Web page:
Access to Drugs in Developing Countries
Edited by Kenneth C. Shadlen, Samira Guennif, Alenka Guzmán and N. Lalitha
Chapter 3: Intellectual Property and Access to Medicines: Paradoxes in Moroccan Policy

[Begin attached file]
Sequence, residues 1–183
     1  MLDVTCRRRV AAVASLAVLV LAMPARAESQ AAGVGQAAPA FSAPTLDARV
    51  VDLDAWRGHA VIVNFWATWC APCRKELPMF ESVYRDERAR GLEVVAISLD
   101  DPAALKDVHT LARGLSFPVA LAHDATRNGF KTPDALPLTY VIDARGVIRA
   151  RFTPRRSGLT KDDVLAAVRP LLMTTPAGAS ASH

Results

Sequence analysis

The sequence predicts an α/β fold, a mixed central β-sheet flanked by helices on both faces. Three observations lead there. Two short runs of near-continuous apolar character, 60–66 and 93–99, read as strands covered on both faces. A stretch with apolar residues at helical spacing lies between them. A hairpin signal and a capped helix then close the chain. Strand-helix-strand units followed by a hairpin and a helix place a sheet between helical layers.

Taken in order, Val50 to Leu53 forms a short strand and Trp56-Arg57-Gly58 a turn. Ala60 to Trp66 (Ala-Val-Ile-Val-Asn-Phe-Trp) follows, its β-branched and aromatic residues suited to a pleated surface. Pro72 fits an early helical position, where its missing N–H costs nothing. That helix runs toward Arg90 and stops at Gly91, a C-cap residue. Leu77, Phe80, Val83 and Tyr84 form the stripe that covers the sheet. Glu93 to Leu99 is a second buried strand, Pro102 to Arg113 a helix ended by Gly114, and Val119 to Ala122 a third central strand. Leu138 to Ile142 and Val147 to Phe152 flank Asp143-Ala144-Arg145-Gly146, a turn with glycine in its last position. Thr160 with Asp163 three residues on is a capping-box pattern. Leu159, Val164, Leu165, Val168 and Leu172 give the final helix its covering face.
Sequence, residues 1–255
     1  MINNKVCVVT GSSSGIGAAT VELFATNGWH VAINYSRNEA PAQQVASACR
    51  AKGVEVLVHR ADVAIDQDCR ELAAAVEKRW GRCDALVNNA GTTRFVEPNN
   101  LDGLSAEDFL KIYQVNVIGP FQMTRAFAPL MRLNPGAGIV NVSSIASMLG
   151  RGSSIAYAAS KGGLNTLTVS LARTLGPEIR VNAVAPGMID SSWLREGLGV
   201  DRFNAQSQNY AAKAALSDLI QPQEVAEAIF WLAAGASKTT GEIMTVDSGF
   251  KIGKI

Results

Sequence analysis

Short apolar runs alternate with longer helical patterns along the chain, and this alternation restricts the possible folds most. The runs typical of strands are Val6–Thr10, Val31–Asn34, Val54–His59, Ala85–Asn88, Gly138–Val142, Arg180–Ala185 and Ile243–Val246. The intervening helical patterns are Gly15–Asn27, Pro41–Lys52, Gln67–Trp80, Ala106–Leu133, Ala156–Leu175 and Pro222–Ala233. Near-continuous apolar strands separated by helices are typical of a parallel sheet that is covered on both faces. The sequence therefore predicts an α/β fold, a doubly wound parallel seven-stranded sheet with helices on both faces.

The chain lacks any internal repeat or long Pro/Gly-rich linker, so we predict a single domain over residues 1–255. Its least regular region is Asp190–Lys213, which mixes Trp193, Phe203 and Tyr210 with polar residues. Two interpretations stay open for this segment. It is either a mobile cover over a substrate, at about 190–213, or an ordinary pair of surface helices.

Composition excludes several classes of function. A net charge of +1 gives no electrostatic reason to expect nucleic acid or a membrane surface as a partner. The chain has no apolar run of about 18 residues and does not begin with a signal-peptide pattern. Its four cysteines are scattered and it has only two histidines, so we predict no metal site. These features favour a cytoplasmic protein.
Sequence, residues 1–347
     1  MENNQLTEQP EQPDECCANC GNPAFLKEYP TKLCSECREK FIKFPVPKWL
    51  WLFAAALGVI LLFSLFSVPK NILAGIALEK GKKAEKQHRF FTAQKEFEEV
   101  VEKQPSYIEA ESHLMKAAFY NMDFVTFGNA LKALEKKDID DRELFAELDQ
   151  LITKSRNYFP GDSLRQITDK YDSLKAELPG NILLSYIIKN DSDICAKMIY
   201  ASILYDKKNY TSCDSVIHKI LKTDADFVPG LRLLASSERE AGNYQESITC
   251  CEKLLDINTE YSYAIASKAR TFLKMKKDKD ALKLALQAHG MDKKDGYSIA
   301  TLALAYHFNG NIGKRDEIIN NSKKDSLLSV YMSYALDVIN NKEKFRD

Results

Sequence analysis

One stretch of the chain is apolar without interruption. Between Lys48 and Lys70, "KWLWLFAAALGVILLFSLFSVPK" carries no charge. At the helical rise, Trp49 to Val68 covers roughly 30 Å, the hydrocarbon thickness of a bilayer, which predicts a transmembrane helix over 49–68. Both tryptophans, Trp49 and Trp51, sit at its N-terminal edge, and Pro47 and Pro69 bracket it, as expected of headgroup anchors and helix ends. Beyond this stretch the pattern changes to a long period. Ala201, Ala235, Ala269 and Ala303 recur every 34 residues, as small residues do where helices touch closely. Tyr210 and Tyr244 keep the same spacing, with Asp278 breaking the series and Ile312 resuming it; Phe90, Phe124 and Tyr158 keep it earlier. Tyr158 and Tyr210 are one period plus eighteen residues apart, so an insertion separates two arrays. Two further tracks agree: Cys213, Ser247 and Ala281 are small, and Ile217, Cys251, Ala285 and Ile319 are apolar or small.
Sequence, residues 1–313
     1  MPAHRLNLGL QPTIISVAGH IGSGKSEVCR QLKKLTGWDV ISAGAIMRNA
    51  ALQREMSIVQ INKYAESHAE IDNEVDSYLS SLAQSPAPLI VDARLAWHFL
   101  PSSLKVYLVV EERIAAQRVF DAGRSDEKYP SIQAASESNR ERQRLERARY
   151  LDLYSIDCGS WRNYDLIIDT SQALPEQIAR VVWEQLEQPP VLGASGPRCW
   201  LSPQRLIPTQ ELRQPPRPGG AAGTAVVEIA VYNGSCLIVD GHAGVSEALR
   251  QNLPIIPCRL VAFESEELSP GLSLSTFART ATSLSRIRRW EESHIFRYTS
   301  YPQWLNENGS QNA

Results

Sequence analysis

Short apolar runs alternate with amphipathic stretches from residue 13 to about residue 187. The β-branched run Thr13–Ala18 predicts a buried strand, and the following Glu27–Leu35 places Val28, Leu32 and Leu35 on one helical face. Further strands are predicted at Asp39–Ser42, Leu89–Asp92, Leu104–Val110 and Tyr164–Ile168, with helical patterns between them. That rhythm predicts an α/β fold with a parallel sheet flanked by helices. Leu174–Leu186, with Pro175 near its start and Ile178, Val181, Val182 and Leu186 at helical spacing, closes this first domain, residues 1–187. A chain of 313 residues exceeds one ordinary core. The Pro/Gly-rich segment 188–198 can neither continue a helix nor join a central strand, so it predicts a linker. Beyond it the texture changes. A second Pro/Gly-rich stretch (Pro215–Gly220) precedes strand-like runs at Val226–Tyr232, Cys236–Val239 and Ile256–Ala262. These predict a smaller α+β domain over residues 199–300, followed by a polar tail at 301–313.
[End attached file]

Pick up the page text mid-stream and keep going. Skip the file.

3. Intellectual property and access to medicines: paradoxes in Moroccan policy Gaëlle Krikorian Important changes have taken place in Morocco regarding intellectual property rights and access to medicines in the past few years: changes in the legal and policy framework and in the practices of institutions and individuals. These developments follow at least two different logics: an increased range and protection of exclusive rights on the one hand; better access to health and medicines on the other. Intellectual property law in Morocco has changed significantly in recent years. In 2004 and then in 2006, legislation incorporated the standards of protection required by the agreement on Trade-Related Aspects of Intellectual Property Rights (TRIPS) as well as higher levels of protection (TRIPS-plus). In the meantime, the Moroccan Office for Industrial and Commercial Property started to issue patents on medicines in December 2004 and has since been granting more and more of them, using patentability criteria which often do not seem to take into account Moroccan public health interests. Meanwhile, national policies on medicines and public health are facing challenges and changes. The local pharmaceutical industry, mainly producing generic medicines and partly working under multinational licenses, plays an important but declining role in supplying the domestic market for basic medicines. This industry recently made important investments in the modernization and increase of its manufacturing capacities in order to reach international production standards. Despite the absence of patents on pharmaceutical products until recently, prices of medicines are, on average, high in Morocco, particularly...
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